JOHN ILLMAN: Why I’m sure making face masks compulsory is a common sense step we must take
- Politicians from all sides have joined to demand Britons cover up with masks
- Sadiq Khan is now campaigning to make face mask wearing compulsory
- We do not have time to carry out a mass of scientific studies, but must act
- An idea in the British Medical Journal calls for use of the ‘precautionary principle’
- Learn more about how to help people impacted by COVID
I welcome the news that London mayor Sadiq Khan is campaigning to make face mask wearing compulsory for people travelling in the capital during the coronavirus crisis. I hope other mayors and local councils will follow suit.
I hope that Government proposals, now being discussed, to make mask wearing a plank of lifting lockdown will prevail. This revolutionary – but common sense proposal – may be ridiculed by those who would insist that there was insufficient medical evidence for such action.
But these are not normal times. We do not have time to carry out a mass of scientific studies. We need to act now. The number of deaths due to Covid-19 each day continues to shock and the NHS, while coping, is under pressure.
So I endorse the idea put forward this week in the British Medical Journal (BMJ) that we should adopt what is known as the ‘Precautionary Principle’.
London mayor Sadiq Khan is campaigning to make face mask wearing compulsory for people travelling in the capital during the COVID-19 crisis
This states that we should sometimes act without conclusive evidence if this is likely to do good – and, having made a study of the evidence for and against, I believe that is exactly what face masks could do.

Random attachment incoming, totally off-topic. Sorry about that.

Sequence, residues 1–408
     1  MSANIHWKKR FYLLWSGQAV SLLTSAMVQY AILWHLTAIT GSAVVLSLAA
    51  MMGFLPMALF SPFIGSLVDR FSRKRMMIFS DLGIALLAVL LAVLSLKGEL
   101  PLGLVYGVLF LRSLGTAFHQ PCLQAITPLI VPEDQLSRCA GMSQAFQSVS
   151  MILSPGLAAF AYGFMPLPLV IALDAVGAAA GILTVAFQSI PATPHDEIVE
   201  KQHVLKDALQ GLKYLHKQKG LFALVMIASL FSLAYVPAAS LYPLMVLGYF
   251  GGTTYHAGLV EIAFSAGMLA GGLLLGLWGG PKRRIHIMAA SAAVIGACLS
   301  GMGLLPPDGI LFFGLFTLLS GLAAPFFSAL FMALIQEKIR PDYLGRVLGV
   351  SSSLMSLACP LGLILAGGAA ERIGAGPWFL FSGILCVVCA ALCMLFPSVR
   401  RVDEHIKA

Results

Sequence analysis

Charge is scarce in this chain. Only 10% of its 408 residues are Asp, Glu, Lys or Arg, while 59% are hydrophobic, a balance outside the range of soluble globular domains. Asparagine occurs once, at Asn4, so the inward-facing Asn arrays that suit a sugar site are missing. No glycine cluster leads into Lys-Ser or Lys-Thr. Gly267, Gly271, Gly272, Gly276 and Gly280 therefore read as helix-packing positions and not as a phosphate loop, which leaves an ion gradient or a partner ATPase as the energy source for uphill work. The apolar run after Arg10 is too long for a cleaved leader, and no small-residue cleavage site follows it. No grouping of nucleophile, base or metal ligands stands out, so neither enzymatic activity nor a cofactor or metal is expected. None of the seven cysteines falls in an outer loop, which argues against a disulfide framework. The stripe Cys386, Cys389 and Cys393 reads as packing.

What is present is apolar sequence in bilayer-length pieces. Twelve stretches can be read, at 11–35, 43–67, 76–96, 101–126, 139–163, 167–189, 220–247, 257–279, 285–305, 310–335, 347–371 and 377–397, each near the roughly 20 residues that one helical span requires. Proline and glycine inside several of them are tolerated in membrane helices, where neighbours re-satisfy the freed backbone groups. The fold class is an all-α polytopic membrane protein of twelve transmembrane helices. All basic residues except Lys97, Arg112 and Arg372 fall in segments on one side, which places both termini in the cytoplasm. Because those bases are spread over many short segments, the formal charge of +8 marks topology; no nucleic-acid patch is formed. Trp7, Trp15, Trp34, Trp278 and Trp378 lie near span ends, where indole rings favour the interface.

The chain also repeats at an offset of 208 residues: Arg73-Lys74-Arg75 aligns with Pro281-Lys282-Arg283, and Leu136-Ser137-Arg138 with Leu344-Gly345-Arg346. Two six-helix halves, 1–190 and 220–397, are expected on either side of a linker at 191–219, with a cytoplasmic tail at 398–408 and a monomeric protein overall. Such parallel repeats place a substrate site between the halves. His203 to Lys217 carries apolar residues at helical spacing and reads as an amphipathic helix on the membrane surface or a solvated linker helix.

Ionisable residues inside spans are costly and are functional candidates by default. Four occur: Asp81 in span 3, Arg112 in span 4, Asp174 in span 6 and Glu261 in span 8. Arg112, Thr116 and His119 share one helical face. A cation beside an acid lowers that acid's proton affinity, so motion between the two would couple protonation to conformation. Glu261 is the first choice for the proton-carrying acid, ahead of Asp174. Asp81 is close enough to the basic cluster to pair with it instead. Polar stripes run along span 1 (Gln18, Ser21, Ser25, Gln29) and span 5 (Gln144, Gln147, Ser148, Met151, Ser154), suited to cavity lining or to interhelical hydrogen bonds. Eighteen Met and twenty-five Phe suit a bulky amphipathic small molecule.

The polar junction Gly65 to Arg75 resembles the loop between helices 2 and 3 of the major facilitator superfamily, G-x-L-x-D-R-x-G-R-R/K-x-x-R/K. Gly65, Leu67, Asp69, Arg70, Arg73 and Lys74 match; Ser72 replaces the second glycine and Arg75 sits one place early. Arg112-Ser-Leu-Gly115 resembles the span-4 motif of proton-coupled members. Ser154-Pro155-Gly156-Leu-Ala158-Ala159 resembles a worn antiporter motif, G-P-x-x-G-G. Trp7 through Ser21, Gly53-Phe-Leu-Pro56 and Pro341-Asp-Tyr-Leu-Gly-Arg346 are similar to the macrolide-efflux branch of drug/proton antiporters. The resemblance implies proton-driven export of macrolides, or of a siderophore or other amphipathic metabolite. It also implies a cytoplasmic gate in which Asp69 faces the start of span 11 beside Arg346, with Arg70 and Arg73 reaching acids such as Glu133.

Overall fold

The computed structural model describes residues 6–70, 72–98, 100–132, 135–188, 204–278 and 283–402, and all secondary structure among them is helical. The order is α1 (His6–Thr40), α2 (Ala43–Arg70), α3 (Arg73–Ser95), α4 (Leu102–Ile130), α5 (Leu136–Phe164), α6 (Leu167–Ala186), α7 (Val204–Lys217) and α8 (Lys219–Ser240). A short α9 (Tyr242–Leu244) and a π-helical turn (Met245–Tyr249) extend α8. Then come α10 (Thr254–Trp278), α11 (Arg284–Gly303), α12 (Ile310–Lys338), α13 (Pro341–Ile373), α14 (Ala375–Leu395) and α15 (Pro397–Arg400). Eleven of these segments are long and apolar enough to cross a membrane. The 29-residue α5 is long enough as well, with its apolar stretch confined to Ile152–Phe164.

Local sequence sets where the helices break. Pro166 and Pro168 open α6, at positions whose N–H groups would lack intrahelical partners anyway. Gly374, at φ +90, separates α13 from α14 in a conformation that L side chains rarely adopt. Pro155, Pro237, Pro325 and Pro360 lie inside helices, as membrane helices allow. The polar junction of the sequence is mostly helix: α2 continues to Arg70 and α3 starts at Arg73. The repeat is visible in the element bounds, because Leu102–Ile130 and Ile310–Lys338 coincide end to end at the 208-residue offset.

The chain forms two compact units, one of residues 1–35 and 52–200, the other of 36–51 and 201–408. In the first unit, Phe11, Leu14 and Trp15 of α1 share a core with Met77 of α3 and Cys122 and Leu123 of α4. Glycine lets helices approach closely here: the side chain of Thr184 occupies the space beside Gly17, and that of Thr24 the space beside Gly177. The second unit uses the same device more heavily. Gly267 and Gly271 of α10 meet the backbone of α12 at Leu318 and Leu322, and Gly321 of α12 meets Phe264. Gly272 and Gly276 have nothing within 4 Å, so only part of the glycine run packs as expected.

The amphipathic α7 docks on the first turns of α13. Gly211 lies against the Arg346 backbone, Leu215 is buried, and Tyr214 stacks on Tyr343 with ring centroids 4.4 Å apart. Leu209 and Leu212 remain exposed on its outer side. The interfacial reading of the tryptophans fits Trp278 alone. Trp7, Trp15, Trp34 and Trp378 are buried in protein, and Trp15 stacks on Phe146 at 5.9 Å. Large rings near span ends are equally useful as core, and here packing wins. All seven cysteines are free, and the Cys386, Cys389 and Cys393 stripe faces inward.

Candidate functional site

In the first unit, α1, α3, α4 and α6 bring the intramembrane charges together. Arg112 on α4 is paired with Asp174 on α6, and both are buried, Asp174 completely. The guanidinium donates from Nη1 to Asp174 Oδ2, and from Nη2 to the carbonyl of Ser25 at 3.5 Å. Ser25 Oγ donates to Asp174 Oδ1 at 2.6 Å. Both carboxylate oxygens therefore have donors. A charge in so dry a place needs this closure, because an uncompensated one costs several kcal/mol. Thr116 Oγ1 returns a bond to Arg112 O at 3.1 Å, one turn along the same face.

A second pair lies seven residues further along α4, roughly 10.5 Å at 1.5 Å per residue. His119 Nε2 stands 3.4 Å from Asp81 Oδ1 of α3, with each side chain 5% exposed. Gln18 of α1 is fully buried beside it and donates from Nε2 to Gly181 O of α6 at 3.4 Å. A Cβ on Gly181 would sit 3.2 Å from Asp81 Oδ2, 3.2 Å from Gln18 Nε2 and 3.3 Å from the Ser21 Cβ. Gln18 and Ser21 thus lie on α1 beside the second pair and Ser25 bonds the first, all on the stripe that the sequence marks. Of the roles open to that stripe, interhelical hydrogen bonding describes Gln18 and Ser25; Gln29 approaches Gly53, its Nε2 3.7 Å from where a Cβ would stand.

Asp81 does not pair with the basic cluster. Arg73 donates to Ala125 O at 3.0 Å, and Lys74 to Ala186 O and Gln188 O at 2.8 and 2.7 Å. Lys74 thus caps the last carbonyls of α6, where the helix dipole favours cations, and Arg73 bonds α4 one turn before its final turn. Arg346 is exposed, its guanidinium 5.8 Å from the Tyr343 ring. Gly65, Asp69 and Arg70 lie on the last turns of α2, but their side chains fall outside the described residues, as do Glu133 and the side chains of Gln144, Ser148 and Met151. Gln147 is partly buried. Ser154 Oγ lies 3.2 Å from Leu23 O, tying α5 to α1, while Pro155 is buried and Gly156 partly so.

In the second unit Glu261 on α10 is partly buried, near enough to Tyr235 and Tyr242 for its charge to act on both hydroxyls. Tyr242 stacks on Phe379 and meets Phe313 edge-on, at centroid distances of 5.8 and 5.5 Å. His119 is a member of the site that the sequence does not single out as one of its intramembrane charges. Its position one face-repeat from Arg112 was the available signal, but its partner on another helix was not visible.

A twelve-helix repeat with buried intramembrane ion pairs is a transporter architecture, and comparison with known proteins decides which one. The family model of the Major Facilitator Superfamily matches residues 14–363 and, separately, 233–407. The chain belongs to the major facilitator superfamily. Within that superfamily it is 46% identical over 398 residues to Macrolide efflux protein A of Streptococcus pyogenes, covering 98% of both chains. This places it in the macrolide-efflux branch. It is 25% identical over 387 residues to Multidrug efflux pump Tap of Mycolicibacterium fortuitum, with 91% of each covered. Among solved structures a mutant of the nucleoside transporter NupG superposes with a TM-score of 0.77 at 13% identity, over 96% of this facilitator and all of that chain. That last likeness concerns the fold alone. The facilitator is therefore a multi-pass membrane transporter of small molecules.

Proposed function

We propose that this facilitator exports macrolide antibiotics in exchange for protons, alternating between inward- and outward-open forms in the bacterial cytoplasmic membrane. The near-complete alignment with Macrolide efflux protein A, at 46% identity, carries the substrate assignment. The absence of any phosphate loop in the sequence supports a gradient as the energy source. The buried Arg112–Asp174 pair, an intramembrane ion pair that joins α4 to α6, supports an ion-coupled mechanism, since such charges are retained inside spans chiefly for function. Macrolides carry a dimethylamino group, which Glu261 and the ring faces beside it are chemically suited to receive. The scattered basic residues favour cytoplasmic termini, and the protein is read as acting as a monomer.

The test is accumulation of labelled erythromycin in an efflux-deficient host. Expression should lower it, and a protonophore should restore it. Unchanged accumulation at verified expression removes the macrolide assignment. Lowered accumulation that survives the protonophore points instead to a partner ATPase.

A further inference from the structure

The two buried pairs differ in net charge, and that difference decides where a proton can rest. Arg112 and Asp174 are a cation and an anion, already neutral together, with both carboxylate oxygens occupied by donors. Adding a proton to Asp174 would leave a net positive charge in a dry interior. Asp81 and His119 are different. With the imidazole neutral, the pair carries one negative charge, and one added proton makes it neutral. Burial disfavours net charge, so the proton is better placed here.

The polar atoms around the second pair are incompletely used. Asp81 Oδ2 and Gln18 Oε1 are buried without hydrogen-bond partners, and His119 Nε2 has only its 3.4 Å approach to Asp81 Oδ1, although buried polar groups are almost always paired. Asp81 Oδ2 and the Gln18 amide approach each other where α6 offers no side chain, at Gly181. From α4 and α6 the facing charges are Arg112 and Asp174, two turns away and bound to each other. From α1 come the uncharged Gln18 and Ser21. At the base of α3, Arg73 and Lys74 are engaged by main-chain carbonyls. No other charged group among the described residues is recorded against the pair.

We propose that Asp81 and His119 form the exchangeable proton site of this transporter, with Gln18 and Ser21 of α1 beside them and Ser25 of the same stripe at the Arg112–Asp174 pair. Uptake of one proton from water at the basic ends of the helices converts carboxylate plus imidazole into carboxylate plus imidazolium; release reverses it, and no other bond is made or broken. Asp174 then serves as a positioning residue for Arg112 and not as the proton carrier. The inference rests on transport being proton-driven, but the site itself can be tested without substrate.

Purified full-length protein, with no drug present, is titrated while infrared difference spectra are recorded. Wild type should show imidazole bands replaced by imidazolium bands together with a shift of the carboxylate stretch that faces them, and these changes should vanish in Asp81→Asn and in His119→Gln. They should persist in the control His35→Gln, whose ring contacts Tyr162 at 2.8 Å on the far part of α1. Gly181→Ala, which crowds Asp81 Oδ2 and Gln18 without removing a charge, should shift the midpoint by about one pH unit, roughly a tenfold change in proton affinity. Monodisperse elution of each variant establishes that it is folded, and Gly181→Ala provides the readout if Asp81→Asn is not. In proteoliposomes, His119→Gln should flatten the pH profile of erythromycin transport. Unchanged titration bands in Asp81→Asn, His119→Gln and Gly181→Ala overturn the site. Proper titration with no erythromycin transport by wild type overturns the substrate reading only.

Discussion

Written by a team led by Professor Trisha Greenhalgh, of Oxford University, the BMJ article warns: ‘In the face of a pandemic the search for perfect evidence may be the enemy of good policy.’
In more than 40 years as a medical journalist – much of it working for this paper – I understand absolutely the value of evidence-based medicine.
Former Health Secretary Jeremy Hunt has branded a move to make masks compulsory as ‘sensible’, given how social distancing can be impossible on trains and buses.
The Index Medicus, the bible of medical research, lists more than 9,000 articles and studies about the potential benefits and hazards of surgical masks I have always believed there was logic behind the idea that face masks might protect us against infection, but my experience of wearing one last month in Vietnam was revelatory.
When we arrived in the country – before the widespread international lockdown – my wife and I weren’t wearing masks. Indeed, we were surprised when booking into our hotel in Saigon to see all the reception staff in masks.
This had a powerful symbolic impact in addition to any protective effect. If everyone around you is wearing masks, you become increasingly hygiene conscious and cautious about what you do.